Walnut leaves don’t have numerous benefits, but what they do, they do deeply and powerfully.
High concentrations (up to 10%) of astringent compounds called tannins account for most of the healing qualities in walnut leaf preparations. Tannins tighten and constrict tissues, making them valuable for protecting areas of skin and controlling inflammation and itching. Dermatological applications associated with walnut include viral warts, eczema, acne, psoriasis, xerosis, tinea pedis and poison ivy as well as excessive sweating of the hands and feet.In France in particular, the leaf is often applied to sunburns and scalp that is peeling and itching from dandruff. The herb is useful for a host of other mild skin disorders as well.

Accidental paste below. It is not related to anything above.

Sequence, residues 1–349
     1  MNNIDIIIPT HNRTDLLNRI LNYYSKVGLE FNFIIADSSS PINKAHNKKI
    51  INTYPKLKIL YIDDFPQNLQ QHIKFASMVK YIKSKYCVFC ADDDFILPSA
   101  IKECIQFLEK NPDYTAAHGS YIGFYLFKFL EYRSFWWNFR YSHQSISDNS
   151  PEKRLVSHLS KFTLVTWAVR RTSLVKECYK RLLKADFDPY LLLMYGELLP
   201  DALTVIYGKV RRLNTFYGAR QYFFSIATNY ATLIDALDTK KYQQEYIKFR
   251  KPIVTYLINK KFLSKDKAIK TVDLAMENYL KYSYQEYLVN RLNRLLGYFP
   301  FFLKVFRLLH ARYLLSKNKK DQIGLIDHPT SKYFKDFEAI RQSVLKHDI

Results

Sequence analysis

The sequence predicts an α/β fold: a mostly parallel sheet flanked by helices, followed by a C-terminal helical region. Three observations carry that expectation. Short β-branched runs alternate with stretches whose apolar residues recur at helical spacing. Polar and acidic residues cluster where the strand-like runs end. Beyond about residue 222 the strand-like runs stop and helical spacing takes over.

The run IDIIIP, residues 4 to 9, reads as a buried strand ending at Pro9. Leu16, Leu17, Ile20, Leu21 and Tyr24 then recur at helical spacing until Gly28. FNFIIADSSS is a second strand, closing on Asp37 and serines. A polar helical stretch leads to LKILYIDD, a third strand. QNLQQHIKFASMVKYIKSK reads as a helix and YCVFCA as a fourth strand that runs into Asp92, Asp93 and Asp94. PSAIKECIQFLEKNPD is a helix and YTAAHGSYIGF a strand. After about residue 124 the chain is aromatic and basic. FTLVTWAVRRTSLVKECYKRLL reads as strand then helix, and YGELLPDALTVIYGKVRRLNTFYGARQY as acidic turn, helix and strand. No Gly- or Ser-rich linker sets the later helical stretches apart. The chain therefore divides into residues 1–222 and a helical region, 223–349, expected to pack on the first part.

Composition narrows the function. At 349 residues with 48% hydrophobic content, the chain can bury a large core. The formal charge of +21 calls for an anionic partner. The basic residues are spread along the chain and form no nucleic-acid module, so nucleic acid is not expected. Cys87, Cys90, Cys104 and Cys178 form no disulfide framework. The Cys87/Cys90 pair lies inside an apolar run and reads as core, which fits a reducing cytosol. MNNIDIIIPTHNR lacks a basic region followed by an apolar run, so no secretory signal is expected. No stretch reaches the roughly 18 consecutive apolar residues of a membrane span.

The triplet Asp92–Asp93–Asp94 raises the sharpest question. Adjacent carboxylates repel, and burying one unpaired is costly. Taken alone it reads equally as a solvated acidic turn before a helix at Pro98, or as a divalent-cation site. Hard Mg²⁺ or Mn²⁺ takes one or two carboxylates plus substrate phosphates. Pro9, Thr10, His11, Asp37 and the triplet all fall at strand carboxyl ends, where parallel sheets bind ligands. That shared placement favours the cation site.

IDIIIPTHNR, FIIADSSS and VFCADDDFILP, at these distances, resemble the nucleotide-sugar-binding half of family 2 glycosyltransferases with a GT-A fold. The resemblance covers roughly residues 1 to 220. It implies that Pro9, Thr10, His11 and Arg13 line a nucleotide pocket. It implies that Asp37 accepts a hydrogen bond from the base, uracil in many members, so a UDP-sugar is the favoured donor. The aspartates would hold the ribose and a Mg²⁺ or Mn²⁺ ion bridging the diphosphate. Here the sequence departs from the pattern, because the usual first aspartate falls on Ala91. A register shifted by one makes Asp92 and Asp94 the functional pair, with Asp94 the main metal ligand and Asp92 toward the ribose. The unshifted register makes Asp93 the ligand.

According to researchers, walnut leaves have anti-bacterial, anti-parasitic, and insect-repelling properties. Drinking the tea or extract of walnut leaf is amazing for cleaning out your digestive system of all parasites and returning to the balanced functioning of your gut. It helps with the inflammation of the digestive system.An intriguing survey of older farmers and shepherds in central Italy, published in the Journal of Ethnopharmacology in 1999, found that walnut leaf was one of the local plants most frequently used for repelling insects and treating parasitic infections on the skin.
It is also a helpful aid for a lot of problems, including the common cold and flu, it promotes oral health (helps with bleeding gums), general weakness, helpful for lowering blood pressure and cholesterol and many more..